Reference Number: 494
As one of the most traditional biotechnologies, sourdough fermentation has deep effects on rheology, sensory and shelf life attributes of baked goods. The most recent literature has also highlighted the effects of sourdough fermentations on several functional/nutritional features of baked goods. While some aspects such as the potential to lower glycemic index, increase mineral bioavailability and decrease the gluten content have been proven almost definitively, others potentialities are emerging, which deserve novel insights. This reviews reports the main evidence on the use of sourdough fermentation for salt reduction in baked goods, management of irritable bowel syndrome (IBS), synthesis/release of bioactive compounds, especially the metabolism of phenolic compounds, and exploitation of the potential of non-conventional flours (legumes and pseudo-cereals) and milling by-products (bran and germ). A brief description on the spiritual, cultural and functional/nutritional significance of leavened bread throughout centuries has also given.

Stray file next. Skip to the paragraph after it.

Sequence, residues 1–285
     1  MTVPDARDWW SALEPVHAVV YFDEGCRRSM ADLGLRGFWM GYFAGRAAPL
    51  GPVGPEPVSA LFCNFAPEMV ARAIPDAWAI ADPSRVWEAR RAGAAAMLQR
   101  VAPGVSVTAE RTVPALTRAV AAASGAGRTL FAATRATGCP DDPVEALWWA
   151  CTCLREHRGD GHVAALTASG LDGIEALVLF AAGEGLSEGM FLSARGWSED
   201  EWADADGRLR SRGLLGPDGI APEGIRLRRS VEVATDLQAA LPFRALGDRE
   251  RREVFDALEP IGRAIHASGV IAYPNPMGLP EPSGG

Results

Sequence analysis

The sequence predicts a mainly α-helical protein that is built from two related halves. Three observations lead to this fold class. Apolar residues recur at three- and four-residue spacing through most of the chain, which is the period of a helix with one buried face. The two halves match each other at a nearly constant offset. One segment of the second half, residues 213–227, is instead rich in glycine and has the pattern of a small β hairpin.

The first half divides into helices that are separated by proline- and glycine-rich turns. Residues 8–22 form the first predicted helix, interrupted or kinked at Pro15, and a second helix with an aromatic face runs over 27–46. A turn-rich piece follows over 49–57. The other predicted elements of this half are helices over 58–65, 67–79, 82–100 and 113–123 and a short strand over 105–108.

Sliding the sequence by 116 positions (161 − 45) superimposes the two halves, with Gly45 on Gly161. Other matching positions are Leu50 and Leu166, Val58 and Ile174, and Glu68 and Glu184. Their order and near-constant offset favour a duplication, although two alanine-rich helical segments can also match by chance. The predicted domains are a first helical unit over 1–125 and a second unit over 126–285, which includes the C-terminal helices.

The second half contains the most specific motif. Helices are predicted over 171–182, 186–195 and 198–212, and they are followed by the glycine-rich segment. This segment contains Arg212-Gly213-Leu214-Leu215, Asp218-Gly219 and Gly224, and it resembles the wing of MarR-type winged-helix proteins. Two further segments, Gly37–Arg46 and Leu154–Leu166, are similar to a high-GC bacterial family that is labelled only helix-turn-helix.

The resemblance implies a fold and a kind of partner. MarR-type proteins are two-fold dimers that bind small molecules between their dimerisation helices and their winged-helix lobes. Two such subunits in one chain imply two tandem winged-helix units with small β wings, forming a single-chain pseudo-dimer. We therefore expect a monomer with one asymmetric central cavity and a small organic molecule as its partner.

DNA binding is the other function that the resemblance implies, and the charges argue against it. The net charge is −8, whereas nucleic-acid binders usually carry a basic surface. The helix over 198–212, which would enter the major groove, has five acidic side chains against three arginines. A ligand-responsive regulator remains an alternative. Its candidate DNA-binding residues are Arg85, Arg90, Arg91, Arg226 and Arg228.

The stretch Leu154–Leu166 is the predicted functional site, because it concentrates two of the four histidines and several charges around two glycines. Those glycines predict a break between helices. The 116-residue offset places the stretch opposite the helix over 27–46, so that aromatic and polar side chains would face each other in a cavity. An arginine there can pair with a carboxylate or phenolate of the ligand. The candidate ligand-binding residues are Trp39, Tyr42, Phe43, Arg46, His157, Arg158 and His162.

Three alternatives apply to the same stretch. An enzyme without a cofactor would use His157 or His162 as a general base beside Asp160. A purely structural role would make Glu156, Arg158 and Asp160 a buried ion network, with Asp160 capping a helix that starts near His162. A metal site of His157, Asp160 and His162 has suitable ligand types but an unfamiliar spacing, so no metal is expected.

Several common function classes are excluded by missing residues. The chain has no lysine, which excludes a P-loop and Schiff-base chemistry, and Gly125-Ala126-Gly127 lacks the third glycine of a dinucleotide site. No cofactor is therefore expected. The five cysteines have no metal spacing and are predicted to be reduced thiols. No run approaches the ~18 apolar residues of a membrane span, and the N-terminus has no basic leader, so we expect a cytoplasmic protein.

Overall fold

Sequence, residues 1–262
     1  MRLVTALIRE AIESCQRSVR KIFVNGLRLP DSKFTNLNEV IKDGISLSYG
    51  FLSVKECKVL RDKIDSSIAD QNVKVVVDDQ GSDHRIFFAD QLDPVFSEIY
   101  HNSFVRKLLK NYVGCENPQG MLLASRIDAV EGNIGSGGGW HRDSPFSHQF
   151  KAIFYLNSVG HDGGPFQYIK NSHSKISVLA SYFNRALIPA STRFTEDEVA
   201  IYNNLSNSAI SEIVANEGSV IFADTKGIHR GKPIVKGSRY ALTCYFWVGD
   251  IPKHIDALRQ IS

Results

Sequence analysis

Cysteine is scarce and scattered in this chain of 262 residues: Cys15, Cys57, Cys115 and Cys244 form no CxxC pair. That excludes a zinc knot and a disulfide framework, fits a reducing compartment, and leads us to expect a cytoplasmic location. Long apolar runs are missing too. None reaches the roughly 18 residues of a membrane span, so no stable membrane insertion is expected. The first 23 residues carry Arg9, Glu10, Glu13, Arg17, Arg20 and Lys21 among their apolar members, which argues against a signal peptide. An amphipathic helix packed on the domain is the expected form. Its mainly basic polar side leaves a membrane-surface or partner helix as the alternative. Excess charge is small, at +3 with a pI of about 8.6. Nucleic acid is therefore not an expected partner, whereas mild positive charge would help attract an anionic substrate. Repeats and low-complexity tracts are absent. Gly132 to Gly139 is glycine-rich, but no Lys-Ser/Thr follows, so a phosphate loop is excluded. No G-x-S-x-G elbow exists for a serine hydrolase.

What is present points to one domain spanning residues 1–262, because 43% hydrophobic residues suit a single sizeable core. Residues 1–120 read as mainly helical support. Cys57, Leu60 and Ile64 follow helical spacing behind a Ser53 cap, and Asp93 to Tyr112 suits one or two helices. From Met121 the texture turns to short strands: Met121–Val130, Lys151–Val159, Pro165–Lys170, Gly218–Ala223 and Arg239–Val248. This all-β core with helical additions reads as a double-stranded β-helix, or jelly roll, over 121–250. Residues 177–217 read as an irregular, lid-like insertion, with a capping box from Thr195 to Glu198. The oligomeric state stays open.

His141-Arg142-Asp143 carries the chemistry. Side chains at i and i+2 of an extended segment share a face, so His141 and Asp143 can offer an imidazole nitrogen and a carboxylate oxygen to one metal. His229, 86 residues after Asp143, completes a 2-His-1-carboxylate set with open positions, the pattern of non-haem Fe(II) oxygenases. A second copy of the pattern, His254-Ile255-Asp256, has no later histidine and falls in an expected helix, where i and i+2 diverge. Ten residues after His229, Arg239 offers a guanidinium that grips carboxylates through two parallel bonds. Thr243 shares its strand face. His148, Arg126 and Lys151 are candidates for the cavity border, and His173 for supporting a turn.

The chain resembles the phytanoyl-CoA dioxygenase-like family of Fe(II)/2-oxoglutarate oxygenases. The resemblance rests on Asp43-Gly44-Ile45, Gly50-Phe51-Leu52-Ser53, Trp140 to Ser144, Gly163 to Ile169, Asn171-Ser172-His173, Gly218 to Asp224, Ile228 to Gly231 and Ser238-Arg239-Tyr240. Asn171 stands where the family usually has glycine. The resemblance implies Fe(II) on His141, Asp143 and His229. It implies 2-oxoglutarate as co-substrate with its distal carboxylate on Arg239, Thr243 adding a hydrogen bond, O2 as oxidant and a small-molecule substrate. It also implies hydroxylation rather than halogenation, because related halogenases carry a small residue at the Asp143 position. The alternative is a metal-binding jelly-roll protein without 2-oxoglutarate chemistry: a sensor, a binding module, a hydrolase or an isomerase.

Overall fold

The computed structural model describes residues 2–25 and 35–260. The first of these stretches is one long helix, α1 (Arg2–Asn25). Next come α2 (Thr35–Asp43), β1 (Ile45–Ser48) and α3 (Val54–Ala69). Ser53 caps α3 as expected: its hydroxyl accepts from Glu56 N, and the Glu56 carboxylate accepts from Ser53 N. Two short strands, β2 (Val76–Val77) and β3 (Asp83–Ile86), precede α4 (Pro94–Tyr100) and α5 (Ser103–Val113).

Significance of this article to the baker:
Bread is identified as a common trigger for irritable bowel syndrome (IBS). This study not only reminds us why sourdough bread made from good quality flour and baked with a lengthy fermentation time supports the physical health of our gut, reducing the symptoms of IBS, yet also that the Sourdough baking process provides more. The article highlights that the long fermentation to the bread also increases the release of powerful phytochemicals within the grains which are known to enhance our health due the the level of antioxidants they contain.